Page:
I HAVE to admit that, like many, I thought Mark Campbell had lost his marbles when sacking Featherstone Rovers coach Jon Sharp.
That is saying something as the affable Rovers chairman is already not averse to making bold changes in his hierarchy.
Let’s not forget he relieved John Bastian of duties in 2014 after just 11 games at Post Office Road.
His replacement Andy Hay lasted 13 months but was then axed just five days after vanquishing Championship leaders Bradford Bulls and becoming the first side to beat the relegated Super League side at Odsal that term. Experienced former Huddersfield Giants chief Sharp, meanwhile, had recently secured them a place in the lucrative Qualifiers.
Admittedly, Sunday’s home loss against Halifax was poor but, in the big scheme of things, it was largely inconsequential for Featherstone who could still secure an extremely creditable third place with a win in Toulouse tonight.
For a part-time side, that is certainly not a bad achievement especially when you consider Sharp had also led them to the top-four 12 months ago, too.
So, from the outside looking in, it seemed harsh. It probably is.
However, when unveiling John Duffy as his new man on Tuesday, it was interesting listening to Campbell.
He thought it was the poorest Featherstone side to watch he had seen in the last 10 years even though it was actually the best squad assembled under his watch.
Now, we all know playing attractive football is no guarantee of success and silverware. But it got me thinking; if you have invested as much money into one club as Campbell has at Post Office Road, surely it is a base requirement to be able to actually glean some pleasure when watching on a Sunday afternoon?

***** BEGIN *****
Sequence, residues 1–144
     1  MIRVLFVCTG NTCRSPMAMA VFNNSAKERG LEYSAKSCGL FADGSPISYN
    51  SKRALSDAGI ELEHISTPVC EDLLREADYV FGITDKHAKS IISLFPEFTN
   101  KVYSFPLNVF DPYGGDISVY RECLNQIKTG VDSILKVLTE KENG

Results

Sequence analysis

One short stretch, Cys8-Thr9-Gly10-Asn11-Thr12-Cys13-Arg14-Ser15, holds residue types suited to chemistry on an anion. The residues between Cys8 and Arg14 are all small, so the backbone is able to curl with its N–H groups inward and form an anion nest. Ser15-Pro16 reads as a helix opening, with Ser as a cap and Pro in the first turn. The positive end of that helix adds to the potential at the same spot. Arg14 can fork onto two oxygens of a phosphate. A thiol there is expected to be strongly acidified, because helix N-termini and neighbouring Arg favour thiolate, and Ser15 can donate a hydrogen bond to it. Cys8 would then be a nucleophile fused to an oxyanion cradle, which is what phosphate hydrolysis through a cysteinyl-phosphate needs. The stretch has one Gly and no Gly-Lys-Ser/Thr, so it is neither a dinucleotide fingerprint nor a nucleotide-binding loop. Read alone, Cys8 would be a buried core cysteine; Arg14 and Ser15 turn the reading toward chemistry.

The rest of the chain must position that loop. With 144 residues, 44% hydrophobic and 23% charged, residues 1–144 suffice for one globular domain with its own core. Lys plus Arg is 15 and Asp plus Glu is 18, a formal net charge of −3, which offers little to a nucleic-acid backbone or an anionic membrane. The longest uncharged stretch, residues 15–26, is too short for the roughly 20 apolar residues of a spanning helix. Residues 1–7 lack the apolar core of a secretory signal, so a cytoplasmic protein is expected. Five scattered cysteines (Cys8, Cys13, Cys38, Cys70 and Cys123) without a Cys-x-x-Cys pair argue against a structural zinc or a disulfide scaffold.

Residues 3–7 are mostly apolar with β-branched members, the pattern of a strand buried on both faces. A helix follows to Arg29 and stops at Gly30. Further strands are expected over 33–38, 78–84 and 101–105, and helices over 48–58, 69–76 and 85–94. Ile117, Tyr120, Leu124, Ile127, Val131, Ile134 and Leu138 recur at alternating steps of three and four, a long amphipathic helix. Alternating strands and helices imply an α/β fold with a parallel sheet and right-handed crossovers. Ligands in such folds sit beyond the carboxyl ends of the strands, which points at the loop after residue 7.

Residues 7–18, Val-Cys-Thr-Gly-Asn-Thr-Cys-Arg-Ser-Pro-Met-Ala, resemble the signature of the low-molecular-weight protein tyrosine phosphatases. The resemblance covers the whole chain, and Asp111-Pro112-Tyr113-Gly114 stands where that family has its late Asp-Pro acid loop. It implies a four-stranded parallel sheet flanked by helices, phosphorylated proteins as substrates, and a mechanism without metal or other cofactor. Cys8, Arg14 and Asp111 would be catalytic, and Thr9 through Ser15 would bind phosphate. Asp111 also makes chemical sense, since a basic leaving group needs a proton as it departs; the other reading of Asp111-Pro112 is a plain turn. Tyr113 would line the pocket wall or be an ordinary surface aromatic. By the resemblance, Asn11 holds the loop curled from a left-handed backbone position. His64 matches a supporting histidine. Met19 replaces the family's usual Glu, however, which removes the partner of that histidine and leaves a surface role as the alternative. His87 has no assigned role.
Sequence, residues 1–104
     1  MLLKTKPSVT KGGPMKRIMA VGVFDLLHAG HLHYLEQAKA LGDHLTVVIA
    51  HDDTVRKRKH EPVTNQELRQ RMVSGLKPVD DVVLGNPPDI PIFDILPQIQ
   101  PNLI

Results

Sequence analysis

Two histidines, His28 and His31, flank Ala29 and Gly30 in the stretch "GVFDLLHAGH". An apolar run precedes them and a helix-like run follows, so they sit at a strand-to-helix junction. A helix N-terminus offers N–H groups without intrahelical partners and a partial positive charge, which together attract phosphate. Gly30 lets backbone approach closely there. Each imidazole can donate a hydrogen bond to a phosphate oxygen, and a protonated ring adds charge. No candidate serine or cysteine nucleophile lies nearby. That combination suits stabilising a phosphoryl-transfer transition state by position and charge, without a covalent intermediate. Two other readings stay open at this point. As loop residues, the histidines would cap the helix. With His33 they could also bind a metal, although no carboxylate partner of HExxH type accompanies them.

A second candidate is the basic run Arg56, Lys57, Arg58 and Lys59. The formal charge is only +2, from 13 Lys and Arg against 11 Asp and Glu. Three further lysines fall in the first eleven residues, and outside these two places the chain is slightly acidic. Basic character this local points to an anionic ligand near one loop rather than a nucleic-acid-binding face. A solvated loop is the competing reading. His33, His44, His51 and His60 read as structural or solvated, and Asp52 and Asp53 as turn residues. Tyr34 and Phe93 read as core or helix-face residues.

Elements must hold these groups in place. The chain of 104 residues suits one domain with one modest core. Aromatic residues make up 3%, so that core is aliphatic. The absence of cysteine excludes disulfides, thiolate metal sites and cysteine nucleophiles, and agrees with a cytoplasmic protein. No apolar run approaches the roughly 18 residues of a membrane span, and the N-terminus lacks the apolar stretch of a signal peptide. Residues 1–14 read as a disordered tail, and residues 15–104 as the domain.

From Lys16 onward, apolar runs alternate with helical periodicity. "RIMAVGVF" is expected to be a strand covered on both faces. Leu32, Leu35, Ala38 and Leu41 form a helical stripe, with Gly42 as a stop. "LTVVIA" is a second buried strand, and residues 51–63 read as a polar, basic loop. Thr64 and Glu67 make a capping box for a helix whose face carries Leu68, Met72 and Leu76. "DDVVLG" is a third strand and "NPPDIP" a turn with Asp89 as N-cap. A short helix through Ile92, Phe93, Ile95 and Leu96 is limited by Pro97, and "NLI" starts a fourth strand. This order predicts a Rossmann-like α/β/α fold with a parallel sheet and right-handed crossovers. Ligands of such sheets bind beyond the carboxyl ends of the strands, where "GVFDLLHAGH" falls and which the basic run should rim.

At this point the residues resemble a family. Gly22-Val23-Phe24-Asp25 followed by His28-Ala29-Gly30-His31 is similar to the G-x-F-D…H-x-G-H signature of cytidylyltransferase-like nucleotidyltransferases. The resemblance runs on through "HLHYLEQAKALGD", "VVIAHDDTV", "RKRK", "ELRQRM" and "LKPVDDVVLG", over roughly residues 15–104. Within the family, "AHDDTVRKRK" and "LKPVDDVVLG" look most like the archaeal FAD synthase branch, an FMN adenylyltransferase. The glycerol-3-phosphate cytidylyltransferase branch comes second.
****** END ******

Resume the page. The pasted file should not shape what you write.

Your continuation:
The owner wants to be entertained. I get it. He desired more finesse, more guile and he expects Duffy – who won fans for the style of football he has fostered at Swinton – to deliver.
Asking regular Championship watchers if Swinton are really that impressive with their attack, the consensus coming back was that, yes, they are.
That’s great for Fev fans who may see Duffy, the ex-Warrington half-back, adopt a more attractive approach in the weeks ahead.
Yet some have countered that their side aren’t actually that boring either. Opinions, opinions, no right, no wrong.
Where I can’t agree with Campbell is his assertion that second-place was Featherstone’s realistic target this season.
Hull KR were always favourites for top but he reeled off sides like Batley and Dewsbury before remembering the credentials of London Broncos, one of four full-time teams in the division. Maybe he discovered Sharp had given the squad time off ahead of the Qualifiers. Most clubs will no doubt do the same with a free weekend due to the Challenge Cup semi-finals.
However, understandably, Campbell wanted his to step up preparations rather than put their feet up especially as they lost all seven Qualifiers in 2016.
Who knows, they may even shock their way into the Million Pound Game?
But what is certain after such a drastic intervention is that young coach Duffy is under pressure immediately, pretty football or not.